Lactose Permeation Via the Arabinose Transport System in Escherichia coli K-12

Anne Messer
1974 Journal of Bacteriology  
This paper describes the isolation and characterization of a mutant of Escherichia coli that transports lactose and its analog thiomethylgalactoside via the arabinose permeation system. Unlike transport via the lactose permease, this transport is not inhibited by thiodigalactoside, but was inhibited by arabinose, xylose, and fucose. The site of the mutation was in the arabinose C gene and confers constitutivity on the entire arabinose operon. Furthermore, this transport was found in 24
more » ... ound in 24 independently isolated arabinose-constitutive strains, and in strains which had been induced with arabinose and then starved to remove all traces of it. It was therefore concluded that lactose and thiomethylgalactoside are low-affinity substrates of at least one component of the normal arabinose permeation system. The mechanism by which bacterial permeases interact with their substrates in the course of substrate transport remains poorly understood. It has been proposed in the case of the most thoroughly studied system, the lactose permease (1, 3, 4, 7) , that the binding site for an inhibitor substrate analog, thiodigalactoside (TDG), is distinct from the site for substrate binding. In the present study, as a test of this proposal, a mutant was sought in which lactose transport is not subject to TDG inhibition. Such mutants were sought among revertants from a y-strain. In the mutant studied, the genetic alteration was not as expected in the lactose permease nor were the properties consistent with any of the galactoside transport systems described by Rotman et al. (14) . On the basis of genetic and other experiments, it is concluded that lactose transport in this mutant in the presence of TDG is mediated by a totally distinct transport system, that for the pentose arabinose. The arabinose operon (Fig. 1) has been examined mainly as an example of a positive genetic control system, both in Escherichia coli B/r (5) and in E. coli K-12 (15). Brown and Hogg (2) report that E. coli B/r has two active transport systems for arabinose, both under the control of araC. They have identified two genes, one associated with low-affinity uptake and the other with both high-affinity uptake and the arabinose binding protein. Schleif (15) has demonstrated two kinetically distinguishable arabi-I Present address:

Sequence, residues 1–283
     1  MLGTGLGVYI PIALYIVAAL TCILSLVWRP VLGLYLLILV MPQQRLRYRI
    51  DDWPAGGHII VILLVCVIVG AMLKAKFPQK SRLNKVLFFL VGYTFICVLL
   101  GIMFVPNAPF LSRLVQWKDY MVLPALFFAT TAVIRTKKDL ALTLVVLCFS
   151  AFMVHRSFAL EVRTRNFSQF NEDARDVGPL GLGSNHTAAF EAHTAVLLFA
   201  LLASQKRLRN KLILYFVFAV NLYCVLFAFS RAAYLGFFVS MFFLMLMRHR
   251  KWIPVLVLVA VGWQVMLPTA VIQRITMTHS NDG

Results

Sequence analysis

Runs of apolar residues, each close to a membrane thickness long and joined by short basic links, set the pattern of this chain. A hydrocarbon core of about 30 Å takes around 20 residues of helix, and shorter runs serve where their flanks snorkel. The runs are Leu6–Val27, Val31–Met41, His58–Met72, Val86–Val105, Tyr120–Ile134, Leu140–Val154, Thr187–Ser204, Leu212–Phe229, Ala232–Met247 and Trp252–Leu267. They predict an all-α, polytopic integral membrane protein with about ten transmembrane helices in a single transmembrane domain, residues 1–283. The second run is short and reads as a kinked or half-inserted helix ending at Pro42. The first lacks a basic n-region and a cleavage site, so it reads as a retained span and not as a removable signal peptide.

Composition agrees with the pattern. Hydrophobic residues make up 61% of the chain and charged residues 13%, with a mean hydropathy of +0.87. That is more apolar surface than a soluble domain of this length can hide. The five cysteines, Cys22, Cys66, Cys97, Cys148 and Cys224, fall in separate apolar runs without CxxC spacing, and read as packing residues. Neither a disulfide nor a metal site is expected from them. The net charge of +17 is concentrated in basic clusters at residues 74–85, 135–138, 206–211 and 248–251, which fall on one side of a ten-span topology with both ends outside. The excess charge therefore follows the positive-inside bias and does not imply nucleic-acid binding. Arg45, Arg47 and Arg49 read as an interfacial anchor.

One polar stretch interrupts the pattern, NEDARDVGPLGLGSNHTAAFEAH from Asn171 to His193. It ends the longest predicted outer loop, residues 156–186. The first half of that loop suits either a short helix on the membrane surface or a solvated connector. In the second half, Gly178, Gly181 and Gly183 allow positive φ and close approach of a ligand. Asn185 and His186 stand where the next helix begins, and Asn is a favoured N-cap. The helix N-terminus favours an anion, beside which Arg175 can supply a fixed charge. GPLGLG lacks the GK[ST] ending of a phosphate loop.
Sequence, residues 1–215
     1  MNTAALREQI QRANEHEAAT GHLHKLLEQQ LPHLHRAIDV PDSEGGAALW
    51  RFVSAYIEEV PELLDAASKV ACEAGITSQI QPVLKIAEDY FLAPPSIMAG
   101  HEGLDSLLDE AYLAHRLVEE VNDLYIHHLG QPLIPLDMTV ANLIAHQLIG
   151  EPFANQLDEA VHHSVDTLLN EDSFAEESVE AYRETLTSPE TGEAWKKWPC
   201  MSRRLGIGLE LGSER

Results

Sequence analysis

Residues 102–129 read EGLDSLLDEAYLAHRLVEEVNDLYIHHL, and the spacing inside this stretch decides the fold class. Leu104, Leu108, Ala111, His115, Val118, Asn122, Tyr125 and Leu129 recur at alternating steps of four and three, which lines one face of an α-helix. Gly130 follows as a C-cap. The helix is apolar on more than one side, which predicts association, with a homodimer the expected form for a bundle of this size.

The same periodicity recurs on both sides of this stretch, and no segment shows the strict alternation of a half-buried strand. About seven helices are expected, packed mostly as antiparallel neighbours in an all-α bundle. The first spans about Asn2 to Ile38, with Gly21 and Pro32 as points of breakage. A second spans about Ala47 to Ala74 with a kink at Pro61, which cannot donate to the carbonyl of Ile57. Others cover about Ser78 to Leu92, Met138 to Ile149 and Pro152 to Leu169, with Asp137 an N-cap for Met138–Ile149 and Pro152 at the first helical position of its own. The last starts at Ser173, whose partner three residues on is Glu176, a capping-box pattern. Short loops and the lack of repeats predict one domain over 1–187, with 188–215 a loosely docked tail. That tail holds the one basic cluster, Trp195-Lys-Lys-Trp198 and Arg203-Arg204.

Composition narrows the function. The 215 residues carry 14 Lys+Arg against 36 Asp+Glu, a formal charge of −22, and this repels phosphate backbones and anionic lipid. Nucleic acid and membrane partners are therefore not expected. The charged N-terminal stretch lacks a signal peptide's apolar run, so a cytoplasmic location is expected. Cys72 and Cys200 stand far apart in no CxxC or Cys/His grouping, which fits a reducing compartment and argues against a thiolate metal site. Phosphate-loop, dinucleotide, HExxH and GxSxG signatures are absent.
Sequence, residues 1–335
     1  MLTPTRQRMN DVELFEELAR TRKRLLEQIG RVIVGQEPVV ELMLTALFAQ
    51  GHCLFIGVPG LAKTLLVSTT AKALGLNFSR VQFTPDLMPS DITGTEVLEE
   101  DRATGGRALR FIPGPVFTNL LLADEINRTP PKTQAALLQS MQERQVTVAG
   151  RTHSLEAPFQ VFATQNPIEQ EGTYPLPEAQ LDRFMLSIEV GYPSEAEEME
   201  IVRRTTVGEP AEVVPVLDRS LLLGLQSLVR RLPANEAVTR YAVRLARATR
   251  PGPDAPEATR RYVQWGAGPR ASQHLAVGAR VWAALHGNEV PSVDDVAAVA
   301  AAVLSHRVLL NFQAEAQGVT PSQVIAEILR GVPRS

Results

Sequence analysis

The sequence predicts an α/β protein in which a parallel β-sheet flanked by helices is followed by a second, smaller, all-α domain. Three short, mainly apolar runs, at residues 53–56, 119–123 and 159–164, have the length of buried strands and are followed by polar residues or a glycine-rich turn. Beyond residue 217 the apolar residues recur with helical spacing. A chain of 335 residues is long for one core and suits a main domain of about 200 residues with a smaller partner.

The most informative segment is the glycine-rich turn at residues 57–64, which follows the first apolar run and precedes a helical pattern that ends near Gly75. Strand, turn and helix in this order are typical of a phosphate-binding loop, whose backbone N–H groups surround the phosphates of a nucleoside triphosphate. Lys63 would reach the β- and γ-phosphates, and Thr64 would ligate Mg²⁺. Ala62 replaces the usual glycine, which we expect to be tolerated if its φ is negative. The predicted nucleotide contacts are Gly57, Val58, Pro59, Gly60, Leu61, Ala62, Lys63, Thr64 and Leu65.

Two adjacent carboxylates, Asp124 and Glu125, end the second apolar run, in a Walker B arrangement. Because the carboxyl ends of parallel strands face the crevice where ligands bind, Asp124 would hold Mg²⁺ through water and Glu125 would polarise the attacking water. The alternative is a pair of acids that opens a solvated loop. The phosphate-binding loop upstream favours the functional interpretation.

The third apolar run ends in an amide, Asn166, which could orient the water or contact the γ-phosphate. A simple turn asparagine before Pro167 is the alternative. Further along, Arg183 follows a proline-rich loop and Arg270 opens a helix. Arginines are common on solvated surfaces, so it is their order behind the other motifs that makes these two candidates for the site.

doi:10.1128/jb.120.1.266-272.1974 fatcat:mb5tryq6pffa7nuq7hc3vyol6m